W. A. WHITNEY,
The Booklovers' Magazine. What is an Objectionable Advertisement?
I am asked to give a definition. I can do so for myself, but not for you. This making of moral standards for other people may be all right in theory but in practice it is a hopeless failure. We have too much street grime in our own eyes to see to it that everybody else keeps to the right. Indecency is objec
thing. To my way of thinking, a corset advertisement showing how to cramp a two-hundred-pound girl into a six-inch waist circumference is a blamed sight more harmful in its influence than whole acres of champagne or catarrh announcements. Don't let us strain at gnats and swallow humped-back dromedaries. The Booklovers' Magazine stands for good, wholesome intellectual life and entertainment. It will advertise anything which good, wholesome people want. That is its standard. Each applicant for space in its pages will have to stand or fall upon merit, not upon precedent.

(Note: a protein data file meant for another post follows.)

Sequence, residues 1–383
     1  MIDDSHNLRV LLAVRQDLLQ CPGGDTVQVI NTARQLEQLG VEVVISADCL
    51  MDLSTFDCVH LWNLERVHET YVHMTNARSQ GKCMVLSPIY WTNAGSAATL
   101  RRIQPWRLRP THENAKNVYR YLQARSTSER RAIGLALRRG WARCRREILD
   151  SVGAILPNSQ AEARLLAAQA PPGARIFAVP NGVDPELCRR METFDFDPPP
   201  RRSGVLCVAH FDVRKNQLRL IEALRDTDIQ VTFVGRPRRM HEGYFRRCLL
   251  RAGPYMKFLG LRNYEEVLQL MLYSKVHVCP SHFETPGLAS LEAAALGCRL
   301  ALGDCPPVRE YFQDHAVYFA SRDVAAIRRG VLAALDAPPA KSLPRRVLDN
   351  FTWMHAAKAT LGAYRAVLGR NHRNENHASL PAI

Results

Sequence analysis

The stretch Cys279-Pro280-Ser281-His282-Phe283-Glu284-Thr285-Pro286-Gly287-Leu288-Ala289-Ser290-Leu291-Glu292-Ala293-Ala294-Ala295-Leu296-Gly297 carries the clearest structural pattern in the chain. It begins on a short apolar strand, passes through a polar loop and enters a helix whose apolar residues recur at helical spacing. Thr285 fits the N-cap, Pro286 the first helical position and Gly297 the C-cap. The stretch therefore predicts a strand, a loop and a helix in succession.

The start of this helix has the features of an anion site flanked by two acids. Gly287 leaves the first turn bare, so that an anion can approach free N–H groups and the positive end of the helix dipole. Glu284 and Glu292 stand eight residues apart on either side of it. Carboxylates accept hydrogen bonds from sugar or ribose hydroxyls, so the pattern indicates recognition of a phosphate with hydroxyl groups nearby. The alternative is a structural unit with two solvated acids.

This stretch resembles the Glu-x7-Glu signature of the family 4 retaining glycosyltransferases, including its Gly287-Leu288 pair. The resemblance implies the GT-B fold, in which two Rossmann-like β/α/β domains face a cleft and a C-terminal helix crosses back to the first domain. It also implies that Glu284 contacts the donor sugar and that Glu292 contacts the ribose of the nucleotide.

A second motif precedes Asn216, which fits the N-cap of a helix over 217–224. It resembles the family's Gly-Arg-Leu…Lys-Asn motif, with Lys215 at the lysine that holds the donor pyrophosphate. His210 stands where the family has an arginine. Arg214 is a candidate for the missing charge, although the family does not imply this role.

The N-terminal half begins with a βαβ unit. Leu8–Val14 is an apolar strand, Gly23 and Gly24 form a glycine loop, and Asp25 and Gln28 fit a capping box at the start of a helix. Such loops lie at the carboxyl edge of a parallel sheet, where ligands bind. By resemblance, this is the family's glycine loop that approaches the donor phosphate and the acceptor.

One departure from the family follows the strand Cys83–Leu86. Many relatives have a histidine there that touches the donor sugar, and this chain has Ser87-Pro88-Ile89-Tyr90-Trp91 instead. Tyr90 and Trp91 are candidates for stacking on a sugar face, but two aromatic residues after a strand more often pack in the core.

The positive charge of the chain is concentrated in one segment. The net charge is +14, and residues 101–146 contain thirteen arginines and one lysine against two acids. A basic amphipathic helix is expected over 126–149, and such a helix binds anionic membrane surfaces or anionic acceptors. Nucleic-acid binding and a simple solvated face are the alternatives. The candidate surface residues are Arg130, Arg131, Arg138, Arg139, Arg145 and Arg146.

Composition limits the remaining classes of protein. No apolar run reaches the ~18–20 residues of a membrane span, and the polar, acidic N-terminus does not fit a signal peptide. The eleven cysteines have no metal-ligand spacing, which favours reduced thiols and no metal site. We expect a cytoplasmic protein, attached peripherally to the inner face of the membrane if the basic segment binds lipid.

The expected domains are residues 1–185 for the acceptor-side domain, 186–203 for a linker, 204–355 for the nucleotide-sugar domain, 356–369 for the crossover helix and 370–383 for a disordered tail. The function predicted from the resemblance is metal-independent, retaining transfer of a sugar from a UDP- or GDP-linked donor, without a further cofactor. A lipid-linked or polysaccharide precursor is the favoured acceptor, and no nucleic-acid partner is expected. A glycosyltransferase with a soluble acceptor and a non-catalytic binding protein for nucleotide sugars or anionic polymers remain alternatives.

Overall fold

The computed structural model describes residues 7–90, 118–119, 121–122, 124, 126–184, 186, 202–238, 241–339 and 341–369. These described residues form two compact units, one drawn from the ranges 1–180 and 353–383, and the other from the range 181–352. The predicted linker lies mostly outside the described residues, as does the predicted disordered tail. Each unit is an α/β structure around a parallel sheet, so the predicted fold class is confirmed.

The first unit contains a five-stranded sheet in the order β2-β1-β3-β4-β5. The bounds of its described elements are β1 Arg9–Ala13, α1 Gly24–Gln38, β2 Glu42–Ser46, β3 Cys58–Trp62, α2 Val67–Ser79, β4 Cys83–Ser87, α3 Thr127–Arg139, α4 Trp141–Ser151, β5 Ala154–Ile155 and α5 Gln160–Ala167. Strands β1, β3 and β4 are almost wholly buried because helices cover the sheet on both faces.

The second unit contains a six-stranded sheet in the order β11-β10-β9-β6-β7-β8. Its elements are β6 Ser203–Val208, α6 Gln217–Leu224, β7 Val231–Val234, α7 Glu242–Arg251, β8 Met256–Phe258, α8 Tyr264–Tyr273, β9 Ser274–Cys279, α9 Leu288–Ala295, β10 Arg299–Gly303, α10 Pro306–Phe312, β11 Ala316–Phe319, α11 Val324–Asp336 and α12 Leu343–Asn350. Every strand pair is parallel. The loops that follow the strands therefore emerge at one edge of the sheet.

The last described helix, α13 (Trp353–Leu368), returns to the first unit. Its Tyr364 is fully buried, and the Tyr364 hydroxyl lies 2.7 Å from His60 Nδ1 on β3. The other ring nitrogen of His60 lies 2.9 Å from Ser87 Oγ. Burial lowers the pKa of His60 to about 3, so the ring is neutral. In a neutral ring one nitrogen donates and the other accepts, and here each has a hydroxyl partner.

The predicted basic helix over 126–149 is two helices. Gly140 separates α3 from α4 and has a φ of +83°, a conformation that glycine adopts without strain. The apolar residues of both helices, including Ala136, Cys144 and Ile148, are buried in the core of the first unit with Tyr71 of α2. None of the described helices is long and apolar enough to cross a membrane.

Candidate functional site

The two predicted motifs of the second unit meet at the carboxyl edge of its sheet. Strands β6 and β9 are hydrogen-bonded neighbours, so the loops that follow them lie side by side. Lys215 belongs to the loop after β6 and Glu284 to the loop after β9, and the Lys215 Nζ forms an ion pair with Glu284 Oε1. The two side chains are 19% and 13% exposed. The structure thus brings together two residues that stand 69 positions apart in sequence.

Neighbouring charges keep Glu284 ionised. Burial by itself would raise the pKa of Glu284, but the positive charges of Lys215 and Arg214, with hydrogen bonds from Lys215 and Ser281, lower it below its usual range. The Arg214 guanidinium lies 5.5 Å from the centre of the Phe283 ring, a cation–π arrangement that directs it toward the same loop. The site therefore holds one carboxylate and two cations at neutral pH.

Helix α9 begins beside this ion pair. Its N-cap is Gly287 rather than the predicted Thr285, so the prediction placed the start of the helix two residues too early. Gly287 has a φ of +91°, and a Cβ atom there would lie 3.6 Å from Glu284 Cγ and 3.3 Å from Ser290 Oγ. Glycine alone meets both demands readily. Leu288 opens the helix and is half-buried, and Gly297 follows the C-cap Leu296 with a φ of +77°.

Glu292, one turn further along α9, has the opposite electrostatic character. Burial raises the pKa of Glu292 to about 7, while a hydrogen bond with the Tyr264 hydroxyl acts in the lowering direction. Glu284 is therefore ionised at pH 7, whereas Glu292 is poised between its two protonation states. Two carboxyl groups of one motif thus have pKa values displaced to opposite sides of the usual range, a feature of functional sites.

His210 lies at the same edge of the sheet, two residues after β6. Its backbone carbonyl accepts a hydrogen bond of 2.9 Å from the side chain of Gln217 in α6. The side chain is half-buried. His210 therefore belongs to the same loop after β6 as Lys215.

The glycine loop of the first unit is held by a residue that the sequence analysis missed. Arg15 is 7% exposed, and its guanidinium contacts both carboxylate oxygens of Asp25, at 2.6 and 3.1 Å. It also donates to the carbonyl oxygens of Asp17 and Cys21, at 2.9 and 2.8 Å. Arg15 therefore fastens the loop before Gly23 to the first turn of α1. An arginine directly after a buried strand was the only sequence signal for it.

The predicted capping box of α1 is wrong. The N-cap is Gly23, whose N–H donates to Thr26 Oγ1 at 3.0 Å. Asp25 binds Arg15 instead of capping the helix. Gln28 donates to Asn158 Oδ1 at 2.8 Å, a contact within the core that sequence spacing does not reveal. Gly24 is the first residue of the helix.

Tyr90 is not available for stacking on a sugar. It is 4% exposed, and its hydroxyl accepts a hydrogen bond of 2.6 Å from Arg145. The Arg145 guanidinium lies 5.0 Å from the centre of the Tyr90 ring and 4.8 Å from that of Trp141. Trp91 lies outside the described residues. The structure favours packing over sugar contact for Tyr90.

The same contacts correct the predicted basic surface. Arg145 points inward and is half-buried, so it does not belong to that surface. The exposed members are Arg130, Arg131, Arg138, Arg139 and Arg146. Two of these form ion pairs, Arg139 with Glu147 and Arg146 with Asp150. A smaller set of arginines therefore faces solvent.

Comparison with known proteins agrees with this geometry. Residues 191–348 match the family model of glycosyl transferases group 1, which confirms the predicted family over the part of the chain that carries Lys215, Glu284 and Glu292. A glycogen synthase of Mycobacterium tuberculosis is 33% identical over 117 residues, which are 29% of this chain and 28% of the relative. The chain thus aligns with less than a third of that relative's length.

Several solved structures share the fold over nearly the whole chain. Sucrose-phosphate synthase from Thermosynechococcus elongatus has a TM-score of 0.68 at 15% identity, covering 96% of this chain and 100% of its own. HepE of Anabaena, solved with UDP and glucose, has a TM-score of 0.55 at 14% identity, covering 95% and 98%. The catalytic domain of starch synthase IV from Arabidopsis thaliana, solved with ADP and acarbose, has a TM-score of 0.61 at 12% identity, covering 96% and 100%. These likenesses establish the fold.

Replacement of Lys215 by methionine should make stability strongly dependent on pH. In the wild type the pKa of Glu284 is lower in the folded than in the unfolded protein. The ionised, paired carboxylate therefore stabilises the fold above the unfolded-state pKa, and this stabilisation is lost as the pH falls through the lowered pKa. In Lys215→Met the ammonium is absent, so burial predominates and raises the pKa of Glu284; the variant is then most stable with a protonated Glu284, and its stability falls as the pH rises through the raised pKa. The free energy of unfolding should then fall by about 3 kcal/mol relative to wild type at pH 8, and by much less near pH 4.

The following clippings from recent notes are worth a good many tons
of "claims," "detailed statements," and affidavits:
McLAURY Bros., breeders of Jersey cattle, Portlandville, N. Y.: "We send $150 for six months' advertising, during which time we have sold over $6,000 worth of cattle, and have had inquiries for twice as many as we have sold, which makes it rather cheap advertising.
FRANK R. SANDERS, breeder of Dutch Belted cattle, Laconia, N. H.: "Your paper has brought me better returns than all the others I have used together."
H. E. KINNE, Jr., live stock agent. Hartwick Seminary, N.
“The Country Gentleman has no peer as an advertising medium which reaches high class of thinking farmers."